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The virtual passenger

First, we had the problem of people driving while talking on their mobile phones — and distractedly mowing down old ladies like dry grass. So we figured out a solution: Laws that demanded people use hands-free headsets or voice-activated phone dialers.

But as it turns out, not only does this new tech not improve the situation, it might actually make it worse. A recent study by the National Highway Traffic Safety Administration found that people who use hands-free phones are just as likely to plough through grandma and her walker as those who hold the phone in their hands. Indeed, people using hands-free tech made errors in dialing 40 per cent of the time, compared to only 18 per cent of the time when they held the phone; and of course, the more frustrated they are, the more dangerous they are.

As the New York Times reports:

The study concluded that in most cases, drivers “overestimated the ease of use afforded by hands-free phone interfaces.”

Drivers can be easily distracted, even when they have both hands on the wheel. “In many cases, it’s the amount of brain power you’re using,” said David Champion, the senior director of auto tests for Consumer Reports. “Even if you’re using a hands-free phone, you’re using quite a bit of brain power to actually have a discussion.”

Actually, I think they’re doing the wrong research. I don’t think we’ll learn much by comparing the distraction levels of hands-free drivers versus phone-holding ones. Here’s a more interesting research idea: Compare the distraction levels of drivers who are talking on a mobile phone, versus drivers who are talking to someone else in the car.

Why? Because this would clarify what’s really at stake here: The physical context of the person you’re speaking to.

What I mean is this: If I’m driving a car and you’re riding shotgun, we can carry on a conversation, but you’re present in the situation. So if something dangerous is about to happen, you can react. Indeed, since you’re a second pair of eyes, you can actually help me avoid danger — by noticing if I’m driving too fast, or about to rear-end someone because I’m looking off to the side. And since you’re riding in the car, your safety is at risk the same as mine is, so you’ve got a powerful incentive, however subconscious, to monitor the situation and make sure I’m driving reasonably well. Even if the conversation is distracting me, I get some benefit from the person I’m talking to being physically there.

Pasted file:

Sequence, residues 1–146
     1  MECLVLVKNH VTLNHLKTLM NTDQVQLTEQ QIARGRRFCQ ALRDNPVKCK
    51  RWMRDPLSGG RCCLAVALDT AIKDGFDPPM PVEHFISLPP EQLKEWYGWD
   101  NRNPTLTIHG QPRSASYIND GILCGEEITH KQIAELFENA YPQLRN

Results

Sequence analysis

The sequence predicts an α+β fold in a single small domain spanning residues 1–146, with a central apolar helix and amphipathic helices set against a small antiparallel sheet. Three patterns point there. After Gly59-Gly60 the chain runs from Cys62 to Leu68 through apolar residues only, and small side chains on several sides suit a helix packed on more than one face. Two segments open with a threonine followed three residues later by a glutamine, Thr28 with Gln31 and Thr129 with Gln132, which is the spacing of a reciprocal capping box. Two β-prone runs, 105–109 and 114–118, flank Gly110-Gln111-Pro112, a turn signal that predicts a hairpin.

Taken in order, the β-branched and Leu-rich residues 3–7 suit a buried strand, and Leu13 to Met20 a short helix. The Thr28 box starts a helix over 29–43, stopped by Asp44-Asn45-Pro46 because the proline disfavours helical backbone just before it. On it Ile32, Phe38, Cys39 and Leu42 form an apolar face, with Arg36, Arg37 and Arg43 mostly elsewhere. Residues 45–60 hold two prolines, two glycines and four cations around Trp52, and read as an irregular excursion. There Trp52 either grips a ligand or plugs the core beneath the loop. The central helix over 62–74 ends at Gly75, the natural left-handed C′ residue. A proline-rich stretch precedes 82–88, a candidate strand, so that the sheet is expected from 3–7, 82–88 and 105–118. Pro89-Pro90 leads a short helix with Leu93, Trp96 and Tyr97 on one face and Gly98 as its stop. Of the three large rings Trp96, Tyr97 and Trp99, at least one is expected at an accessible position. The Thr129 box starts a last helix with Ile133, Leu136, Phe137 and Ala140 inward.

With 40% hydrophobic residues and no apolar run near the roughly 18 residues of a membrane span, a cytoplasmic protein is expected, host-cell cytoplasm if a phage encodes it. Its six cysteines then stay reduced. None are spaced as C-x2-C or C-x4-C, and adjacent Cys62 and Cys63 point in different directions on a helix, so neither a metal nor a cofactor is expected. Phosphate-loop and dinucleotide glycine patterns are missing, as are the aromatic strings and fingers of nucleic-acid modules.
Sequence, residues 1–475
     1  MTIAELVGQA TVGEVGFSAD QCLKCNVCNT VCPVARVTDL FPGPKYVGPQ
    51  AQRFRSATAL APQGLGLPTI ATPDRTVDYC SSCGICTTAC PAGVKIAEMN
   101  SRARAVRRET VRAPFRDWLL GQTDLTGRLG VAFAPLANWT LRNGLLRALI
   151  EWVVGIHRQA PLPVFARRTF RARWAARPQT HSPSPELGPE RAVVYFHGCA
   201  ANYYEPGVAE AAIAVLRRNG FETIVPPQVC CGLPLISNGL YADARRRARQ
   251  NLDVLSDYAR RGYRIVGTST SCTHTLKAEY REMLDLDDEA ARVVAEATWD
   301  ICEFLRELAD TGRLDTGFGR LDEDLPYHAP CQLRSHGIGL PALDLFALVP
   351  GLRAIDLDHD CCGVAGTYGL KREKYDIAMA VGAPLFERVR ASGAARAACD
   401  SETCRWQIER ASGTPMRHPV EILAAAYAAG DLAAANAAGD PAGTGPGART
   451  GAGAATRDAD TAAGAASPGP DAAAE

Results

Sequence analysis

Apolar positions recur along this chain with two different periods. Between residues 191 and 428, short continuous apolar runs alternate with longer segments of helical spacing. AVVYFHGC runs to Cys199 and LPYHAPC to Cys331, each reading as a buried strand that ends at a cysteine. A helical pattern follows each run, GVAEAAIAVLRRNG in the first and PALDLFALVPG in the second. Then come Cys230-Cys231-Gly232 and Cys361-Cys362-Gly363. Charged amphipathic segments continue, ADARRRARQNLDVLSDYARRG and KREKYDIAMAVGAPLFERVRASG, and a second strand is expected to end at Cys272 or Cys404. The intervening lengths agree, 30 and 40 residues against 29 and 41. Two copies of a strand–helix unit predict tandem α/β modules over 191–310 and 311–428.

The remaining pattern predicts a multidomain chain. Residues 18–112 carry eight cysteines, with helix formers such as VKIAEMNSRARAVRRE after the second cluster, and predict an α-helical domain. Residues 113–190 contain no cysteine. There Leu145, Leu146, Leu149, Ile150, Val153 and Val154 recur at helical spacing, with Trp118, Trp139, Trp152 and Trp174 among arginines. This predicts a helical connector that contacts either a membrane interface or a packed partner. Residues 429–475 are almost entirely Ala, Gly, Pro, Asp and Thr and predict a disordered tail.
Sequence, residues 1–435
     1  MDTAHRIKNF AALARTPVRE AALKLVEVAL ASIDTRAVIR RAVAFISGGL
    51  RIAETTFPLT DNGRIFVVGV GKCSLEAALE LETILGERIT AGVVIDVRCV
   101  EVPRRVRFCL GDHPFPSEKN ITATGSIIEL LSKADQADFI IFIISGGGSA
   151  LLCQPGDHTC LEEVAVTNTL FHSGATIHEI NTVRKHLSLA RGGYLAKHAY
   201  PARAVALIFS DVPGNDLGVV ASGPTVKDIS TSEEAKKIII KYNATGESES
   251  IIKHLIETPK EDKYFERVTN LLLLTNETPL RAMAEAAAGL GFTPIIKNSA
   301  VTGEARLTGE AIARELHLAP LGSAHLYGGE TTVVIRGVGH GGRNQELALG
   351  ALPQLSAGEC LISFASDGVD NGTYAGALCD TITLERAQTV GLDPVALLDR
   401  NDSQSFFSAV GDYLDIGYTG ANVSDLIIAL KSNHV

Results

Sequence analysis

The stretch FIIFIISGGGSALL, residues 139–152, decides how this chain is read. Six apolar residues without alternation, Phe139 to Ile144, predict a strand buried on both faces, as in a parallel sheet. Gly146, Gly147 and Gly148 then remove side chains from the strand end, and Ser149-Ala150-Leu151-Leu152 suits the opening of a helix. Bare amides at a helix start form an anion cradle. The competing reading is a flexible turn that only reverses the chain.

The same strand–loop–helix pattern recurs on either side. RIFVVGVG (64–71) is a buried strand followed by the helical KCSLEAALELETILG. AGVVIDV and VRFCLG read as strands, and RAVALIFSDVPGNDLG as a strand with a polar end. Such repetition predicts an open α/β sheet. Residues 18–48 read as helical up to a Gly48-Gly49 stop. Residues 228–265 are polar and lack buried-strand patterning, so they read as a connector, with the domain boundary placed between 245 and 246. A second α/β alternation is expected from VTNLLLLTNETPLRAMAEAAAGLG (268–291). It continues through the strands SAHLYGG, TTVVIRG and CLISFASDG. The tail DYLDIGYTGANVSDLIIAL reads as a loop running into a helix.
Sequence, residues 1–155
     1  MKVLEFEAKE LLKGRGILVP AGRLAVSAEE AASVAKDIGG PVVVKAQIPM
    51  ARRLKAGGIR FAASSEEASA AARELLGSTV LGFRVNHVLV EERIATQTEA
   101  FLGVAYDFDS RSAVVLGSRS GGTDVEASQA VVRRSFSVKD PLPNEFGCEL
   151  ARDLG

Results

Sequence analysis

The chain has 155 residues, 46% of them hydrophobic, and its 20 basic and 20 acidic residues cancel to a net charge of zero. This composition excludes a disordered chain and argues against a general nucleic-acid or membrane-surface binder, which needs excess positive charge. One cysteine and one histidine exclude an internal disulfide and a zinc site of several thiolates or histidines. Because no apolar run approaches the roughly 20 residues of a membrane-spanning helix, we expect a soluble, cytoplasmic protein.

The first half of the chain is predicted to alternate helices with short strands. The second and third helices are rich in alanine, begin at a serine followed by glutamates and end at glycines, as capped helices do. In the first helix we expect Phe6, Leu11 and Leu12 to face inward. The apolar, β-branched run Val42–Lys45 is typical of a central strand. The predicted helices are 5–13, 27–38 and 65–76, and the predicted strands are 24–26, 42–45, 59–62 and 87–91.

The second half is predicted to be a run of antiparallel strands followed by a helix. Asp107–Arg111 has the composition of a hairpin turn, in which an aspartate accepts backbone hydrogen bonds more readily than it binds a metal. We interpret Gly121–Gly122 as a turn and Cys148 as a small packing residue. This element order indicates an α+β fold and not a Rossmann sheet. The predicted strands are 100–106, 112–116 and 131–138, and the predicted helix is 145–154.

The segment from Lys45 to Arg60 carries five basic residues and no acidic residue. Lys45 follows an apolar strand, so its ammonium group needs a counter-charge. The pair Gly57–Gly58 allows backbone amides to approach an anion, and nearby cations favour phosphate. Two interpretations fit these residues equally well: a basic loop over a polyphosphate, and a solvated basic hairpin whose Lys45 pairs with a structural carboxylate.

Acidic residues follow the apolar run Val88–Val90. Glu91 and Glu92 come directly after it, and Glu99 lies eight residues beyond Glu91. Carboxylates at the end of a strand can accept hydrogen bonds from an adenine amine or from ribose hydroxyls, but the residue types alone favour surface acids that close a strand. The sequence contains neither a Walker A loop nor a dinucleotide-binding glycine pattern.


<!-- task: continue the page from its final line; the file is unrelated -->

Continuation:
But if I’m talking to you on the phone, I get all the distraction — with none of the help driving. Worse, the conversation is asymmetrical: Whereas I might be only half paying attention because I’m driving, you’re fully engaged in the conversation, and that emotional center of gravity drags me even further away from where I am, which is in a car. In a sense, your physical environment — sitting at home, in a bathtub, in a bar, wherever — infects my environment. That’s why I’d be interested to see data comparing driving quality between a driver who’s talking to a passenger, and a driver who’s talking to someone on the phone.

I suspect we’d find that a driver talking to a passenger performs better. And that would suggest something really cool: That we could make a phone conversation safer by making it more like an in-car conversation.

We could, for example, try to immerse the conversational partner in the driver’s situation — to use telepresence technology to let them virtually “be” in the car. For example, you could be sitting at home talking on the phone to me while I drive, and looking at a screen that shows you a 360-degree view out the windows of my car. You’d be pulled into my situation. And that would probably make you a safer person to have a conversation with. You might well pick up on some dangerous stuff that I’m not seeing.

Of course, this might not work at all. If someone experiences my car ride solely through a screen, it might seem like a video game, and they might actively downplay dangerous driving situations I’m in, because it all seems so unreal.

Either way, the point remains the same. Whenever we talk about how to make a driving conversation safer, all we talk about is modifying the behavior of the person driving. Why not try to modify the behavior of the person on the other end of the line?

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I'm Clive Thompson, the author of Smarter Than You Think: How Technology is Changing Our Minds for the Better (Penguin Press). You can order the book now at Amazon, Barnes and Noble, Powells, Indiebound, or through your local bookstore! I'm also a contributing writer for the New York Times Magazine and a columnist for Wired magazine. Email is here or ping me via the antiquated form of AOL IM (pomeranian99).

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